A patient game of ping pong
This morning we saw a patient in her early sixties with complaints such as numbness of the extremities, headaches, chest pain, abdominal pain, epigastric pain and heart palpitations. She had been referred to our mental health unit from a health center in Awac, but her symptoms would have led any professional counselor to send her right back to a medical doctor. Through experience I had learned that when small rural health centers are not equipped to diagnose or treat more profound medical conditions, they often refer to larger hospitals such as Mulago, IHK or Case Clinic. In some unfortunate cases, doctors will conclude that the issue is psychiatric and send them to a mental health unit. This is how our patient ended up in our clinic with the hopes that we could somehow provide some answers to her problems. With the kaleidoscope of physical complaints, it felt almost absurd to dig for primary emotional complaints. At this point, the physical and emotional suffering had become so intertwined that the exercise seemed futile. Yet to get the patient referred back to medical, we had to conduct a battery of psychological assessments that demonstrated that the patient’s emotional suffering had indeed been activated by physical pain. Only after we had teased out the order and nature of her suffering, could we begin to recommend more sophisticated medical tests. Another patient arrived at our unit recovering from typhoid fever, but with a complete paralysis affliction on her left side. She had been treated and cleared by a medical team, and was now thought to be suffering from a psychogenic disorder. An assessment revealed that she had twice been attacked by the LRA. In one of these instances, she was severely beaten with an ax and left for dead on the side of the road. On our ward, with counseling and antidepressants, her condition however continued to steadily deteriorate. After two weeks of unsuccessfully treating her, it was hard to explain to her perplexed family that we thought it was best to refer her back to the medical ward.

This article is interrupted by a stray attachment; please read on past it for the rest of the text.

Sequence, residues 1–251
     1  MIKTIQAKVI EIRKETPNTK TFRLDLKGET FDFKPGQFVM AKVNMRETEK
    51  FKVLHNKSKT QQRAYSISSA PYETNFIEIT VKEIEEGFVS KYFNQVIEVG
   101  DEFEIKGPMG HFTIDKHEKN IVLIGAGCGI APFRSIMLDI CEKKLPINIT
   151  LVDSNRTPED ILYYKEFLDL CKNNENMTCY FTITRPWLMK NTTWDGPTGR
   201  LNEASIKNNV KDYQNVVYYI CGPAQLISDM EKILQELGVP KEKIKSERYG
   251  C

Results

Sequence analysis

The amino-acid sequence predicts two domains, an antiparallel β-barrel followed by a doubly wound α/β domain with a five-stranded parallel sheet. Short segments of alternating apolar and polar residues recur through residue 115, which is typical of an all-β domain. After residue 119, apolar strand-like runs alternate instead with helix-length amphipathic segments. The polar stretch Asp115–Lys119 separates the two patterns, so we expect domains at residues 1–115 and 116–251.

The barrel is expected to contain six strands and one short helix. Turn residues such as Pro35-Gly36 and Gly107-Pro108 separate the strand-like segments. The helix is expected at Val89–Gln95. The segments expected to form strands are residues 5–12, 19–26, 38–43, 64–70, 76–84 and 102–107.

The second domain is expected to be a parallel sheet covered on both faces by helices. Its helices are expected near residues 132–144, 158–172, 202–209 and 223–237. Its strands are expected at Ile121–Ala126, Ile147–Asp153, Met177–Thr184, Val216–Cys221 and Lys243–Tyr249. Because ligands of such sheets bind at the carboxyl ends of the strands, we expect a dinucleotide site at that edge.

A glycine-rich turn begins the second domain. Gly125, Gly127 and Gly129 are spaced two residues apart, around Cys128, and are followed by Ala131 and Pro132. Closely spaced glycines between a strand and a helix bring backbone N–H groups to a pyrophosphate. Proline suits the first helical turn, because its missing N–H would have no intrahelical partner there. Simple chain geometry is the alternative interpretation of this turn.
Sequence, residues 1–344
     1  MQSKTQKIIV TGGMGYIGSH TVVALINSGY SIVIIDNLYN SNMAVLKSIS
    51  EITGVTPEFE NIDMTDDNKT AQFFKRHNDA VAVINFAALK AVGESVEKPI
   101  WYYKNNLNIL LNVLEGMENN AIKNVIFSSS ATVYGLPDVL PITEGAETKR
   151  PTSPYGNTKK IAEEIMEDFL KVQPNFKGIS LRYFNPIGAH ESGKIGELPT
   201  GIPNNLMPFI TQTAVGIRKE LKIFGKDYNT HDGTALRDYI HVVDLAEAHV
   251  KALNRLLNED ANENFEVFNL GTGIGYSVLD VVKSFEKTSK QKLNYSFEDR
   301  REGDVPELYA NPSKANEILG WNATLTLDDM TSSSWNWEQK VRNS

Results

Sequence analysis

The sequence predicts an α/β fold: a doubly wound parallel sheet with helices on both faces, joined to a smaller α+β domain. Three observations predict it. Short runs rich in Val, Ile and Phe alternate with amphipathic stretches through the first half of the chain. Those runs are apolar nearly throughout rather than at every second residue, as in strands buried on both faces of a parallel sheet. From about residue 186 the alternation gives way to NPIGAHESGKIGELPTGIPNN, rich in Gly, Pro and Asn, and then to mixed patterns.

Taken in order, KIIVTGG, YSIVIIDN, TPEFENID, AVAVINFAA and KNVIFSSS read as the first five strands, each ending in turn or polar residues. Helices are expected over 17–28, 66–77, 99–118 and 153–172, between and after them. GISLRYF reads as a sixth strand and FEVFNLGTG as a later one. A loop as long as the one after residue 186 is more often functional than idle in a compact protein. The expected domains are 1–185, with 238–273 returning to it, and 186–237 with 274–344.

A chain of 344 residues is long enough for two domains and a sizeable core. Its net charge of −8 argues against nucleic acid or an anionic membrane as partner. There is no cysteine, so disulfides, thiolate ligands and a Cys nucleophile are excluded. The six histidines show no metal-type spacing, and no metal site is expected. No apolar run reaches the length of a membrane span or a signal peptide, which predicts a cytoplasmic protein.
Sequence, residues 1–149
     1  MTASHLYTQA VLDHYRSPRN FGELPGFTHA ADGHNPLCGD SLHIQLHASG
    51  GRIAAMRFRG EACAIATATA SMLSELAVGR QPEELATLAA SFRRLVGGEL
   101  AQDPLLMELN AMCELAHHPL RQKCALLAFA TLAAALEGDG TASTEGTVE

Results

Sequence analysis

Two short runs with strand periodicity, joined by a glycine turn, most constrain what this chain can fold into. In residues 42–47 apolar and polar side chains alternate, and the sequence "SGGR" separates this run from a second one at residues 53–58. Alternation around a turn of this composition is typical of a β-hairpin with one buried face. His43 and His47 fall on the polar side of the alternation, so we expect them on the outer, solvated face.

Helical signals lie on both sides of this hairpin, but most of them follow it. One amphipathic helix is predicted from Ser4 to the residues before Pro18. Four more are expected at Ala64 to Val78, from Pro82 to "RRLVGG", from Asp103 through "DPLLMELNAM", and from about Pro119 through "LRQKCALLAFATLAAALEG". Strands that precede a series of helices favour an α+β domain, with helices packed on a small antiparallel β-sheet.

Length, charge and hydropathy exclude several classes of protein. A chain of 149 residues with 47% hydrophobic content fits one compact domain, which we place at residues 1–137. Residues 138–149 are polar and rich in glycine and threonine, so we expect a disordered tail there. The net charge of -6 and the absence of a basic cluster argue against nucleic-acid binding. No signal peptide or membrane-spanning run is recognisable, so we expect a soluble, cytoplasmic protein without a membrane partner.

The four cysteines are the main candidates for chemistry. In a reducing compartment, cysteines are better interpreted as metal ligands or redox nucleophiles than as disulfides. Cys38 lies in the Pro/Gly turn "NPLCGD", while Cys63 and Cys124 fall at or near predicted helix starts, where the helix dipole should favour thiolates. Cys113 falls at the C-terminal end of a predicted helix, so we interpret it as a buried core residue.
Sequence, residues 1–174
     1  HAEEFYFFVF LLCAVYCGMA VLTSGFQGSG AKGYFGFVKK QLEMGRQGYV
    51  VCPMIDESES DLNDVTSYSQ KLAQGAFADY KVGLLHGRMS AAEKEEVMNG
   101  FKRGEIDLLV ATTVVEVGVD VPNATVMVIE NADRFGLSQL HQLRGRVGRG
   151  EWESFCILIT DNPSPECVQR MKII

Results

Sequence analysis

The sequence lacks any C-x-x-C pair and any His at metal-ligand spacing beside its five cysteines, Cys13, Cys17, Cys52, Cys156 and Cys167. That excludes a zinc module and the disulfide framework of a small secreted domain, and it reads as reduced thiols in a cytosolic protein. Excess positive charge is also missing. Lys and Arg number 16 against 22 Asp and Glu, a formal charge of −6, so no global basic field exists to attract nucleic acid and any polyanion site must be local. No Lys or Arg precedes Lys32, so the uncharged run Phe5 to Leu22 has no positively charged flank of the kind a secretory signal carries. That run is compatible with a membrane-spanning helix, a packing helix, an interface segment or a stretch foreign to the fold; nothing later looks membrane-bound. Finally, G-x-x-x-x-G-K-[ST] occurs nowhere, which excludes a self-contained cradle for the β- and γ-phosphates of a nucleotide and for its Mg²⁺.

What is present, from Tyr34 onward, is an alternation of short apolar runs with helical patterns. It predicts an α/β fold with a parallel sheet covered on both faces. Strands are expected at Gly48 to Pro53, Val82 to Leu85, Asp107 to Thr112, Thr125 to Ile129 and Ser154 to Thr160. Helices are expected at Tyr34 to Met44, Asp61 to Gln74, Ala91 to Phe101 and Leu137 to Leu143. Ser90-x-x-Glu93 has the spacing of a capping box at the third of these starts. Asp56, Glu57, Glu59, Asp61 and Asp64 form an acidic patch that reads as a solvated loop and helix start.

In a workshop I attended last week, one of the presenters emphasized that as mental health professionals it is just as much of our duty to acknowledge when a client’s problem goes beyond the scope of our competence, as it is our duty to provide competent caring for the well-being of persons and peoples (Universal Declaration of Ethical Principles, 2008). Our sixty year old patient, and patient with paralysis showed me how difficult and messy competent caring can be in an environment where professional ethics are blurred or not existent at all.